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Is it possible that the base class member function can access child class member function directly?

I found the code from Androind, the BufferQueue inherits BnSurfaceTexture, and has one member function "requestBuffer".

In the base class BnSurfaceTexture, I found it just call requestBuffer directly.

How does the base class BnSurfaceTexture know the function "requestBuffer"?

Thanks


The base class member function:

status_t BnSurfaceTexture::onTransact(
    uint32_t code, const Parcel& data, Parcel* reply, uint32_t flags)
{
    switch(code) {
        case REQUEST_BUFFER: {
            CHECK_INTERFACE(ISurfaceTexture, data, reply);
            int bufferIdx   = data.readInt32();
            sp<GraphicBuffer> buffer;
            /* it call requestBuffer directly */ <--------
            int result = requestBuffer(bufferIdx, &buffer);
            reply->writeInt32(buffer != 0);


The child class declaration & implementation:

class BufferQueue : public BnSurfaceTexture {

private:
    virtual status_t requestBuffer(int slot, sp<GraphicBuffer>* buf);


status_t BufferQueue::requestBuffer(int slot, sp<GraphicBuffer>* buf) {
    ATRACE_CALL();
    ST_LOGV("requestBuffer: slot=%d", slot);
    Mutex::Autolock lock(mMutex);
    ...
    return NO_ERROR;
}
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2 Answers 2

up vote 2 down vote accepted

How does the base class BnSurfaceTexture know the function "requestBuffer"?

This function must have been at least declared (it could have been defined with some default implementation) in the base class and it must be virtual.

So, at compile time, the compiler sees that such function exists.
The function call is resolved run-time. This is polymorphism.


Tiny example:

class Base
{
public:
    virtual void f() { /* Base */ } // could be pure virtual
    virtual void g() { f(); };
};

class Derived: public Base
{
public:
    virtual void f() { /* derived */ }
};

When you have

Base* pB = new Derived;
pB->g();

g() will call Derived::f;

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1  
Thanks Kiril ~ this is exactly what I want to know!! –  Browny Lin Oct 18 '12 at 14:05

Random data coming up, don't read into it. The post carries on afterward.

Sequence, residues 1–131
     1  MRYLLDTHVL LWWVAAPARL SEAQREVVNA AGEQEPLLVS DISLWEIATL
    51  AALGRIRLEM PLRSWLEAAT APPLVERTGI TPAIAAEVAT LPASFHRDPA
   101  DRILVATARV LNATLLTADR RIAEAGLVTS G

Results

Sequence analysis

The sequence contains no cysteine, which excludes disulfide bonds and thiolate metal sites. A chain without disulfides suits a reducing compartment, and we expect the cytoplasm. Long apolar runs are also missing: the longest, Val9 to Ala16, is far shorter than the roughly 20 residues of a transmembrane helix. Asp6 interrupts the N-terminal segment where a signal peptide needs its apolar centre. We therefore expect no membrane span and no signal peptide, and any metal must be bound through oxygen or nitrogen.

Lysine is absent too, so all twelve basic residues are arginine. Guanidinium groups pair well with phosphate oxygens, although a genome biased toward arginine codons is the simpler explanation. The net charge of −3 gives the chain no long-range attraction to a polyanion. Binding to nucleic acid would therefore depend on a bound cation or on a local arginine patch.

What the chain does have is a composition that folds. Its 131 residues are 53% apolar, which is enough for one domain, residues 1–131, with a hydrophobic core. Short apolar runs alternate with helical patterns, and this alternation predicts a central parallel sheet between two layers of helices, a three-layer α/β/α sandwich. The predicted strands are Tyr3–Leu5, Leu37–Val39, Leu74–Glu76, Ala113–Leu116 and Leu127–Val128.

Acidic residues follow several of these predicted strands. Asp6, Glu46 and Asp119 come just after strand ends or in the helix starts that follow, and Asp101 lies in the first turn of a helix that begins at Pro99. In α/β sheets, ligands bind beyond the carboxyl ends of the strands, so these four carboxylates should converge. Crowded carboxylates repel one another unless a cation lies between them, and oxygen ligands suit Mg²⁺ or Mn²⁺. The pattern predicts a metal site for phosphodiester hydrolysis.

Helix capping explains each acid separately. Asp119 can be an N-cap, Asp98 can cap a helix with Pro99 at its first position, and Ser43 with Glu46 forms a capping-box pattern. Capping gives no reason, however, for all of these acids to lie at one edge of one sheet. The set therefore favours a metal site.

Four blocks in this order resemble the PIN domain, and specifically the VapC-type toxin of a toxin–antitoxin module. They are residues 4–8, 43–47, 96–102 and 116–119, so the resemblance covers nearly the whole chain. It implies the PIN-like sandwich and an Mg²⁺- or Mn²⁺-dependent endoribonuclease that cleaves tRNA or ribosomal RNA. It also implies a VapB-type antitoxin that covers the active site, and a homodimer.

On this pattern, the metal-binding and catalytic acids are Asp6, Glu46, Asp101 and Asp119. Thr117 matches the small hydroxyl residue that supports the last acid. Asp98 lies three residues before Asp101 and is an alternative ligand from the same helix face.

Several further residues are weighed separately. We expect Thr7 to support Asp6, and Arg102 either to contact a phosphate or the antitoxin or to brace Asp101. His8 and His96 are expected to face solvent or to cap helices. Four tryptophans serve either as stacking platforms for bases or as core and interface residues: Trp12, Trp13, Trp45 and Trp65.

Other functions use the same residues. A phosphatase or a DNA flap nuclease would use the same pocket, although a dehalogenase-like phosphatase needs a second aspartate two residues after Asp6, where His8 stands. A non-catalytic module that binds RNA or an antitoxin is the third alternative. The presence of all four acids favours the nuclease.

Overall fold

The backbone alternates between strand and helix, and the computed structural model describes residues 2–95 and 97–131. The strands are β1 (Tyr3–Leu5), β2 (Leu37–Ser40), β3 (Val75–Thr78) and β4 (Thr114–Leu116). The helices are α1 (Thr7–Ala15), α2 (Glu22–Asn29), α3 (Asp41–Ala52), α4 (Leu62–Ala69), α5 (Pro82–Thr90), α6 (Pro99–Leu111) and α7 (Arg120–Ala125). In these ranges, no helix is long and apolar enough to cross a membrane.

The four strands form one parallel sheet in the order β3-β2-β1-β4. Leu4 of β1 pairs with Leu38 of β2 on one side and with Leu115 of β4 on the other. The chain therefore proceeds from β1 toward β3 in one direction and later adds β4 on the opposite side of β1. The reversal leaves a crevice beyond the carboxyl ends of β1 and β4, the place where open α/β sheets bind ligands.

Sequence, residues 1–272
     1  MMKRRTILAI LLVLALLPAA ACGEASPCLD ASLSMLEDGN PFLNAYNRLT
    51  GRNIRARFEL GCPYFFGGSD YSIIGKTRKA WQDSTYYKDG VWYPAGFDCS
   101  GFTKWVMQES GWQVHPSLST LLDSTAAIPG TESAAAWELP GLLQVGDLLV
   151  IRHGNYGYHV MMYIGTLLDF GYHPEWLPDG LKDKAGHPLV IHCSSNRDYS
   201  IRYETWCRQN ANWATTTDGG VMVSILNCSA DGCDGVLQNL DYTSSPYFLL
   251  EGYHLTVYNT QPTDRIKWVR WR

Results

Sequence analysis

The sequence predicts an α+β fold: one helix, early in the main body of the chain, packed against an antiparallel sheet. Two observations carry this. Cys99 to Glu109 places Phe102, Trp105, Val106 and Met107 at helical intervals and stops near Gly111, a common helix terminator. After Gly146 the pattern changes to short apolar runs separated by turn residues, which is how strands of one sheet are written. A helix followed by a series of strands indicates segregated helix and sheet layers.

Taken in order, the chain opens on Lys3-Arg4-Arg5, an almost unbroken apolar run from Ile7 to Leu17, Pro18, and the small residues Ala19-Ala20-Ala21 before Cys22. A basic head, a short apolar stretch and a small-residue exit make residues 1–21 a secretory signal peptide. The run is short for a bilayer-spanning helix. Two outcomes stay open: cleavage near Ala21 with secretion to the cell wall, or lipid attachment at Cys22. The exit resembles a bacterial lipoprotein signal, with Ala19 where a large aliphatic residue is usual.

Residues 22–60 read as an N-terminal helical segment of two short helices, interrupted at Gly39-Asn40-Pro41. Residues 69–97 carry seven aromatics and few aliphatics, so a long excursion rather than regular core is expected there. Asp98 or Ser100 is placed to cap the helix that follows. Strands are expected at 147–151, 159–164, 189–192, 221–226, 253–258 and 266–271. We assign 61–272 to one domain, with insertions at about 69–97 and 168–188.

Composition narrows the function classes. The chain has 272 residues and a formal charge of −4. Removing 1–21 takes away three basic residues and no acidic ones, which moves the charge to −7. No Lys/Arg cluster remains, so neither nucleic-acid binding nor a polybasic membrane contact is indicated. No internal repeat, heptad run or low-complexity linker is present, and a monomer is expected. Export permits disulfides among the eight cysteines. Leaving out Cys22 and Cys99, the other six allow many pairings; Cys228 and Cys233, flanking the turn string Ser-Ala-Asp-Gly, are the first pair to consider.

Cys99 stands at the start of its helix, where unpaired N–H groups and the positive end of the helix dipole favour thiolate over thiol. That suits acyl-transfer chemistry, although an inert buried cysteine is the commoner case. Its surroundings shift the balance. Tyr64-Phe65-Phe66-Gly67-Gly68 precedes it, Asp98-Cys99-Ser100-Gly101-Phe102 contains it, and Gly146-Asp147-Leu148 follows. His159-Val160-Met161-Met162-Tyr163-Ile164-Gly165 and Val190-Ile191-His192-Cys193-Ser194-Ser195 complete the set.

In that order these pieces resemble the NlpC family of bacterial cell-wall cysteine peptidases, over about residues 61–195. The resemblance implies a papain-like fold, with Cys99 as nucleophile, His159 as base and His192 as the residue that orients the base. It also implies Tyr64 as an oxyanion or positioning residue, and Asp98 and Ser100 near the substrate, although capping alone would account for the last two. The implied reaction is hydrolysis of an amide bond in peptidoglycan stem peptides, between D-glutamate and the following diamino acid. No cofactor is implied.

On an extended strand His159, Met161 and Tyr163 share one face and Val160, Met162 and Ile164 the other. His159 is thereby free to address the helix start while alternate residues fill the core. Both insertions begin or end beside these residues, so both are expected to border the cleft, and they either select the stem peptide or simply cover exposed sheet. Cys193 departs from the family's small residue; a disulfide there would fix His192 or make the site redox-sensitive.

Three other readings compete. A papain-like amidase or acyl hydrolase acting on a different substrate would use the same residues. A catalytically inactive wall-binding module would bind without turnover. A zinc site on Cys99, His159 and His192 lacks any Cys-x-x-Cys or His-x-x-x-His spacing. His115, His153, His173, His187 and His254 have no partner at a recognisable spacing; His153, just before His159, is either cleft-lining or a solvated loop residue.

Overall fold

Just make sure the base class function is declared, and the derived class is define before definition of base class function definition. Here is an example

#include <iostream>

class Base
{
    public :

    void call_derived ();
};

class Derived : public Base
{
    public :

    void derived_fun ()
    {
        std::cout << "Derived class member function called!" << std::endl;
    }
};

void Base::call_derived ()
{
    static_cast<Derived *>(this)->derived_fun();
}

int main ()
{
    Derived dobj;
    dobj.call_derived();

    return 0;
}

However, this use of static_cast is unsafe, compiler won't complain if you try call_derived on an incomplete object. However, you can add an assertion assert(dynamic_cast<Derived *>(this), at least in debug mode, for debugging purpose. Alternatively, you can declare Base class' constructor, destructor protected, to prevent creation of incomplete object, or attempting to destroy a derived object while the base is not polymorphic

However, the above code are not really common in real world. Other more advanced techniques exists, like CRTP, which also use static_cast and provide static polymorphism without virtual functions.

This answer may not be exactly what you want. It only shows that it is possible to call derived class members in base class even it is not defined in base at all. But to call it directly without any cast, you still need virtual functions.

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Thanks Yan ~ Although this is not the exactly answer I want. But it is still a nice trick. –  Browny Lin Oct 18 '12 at 14:02

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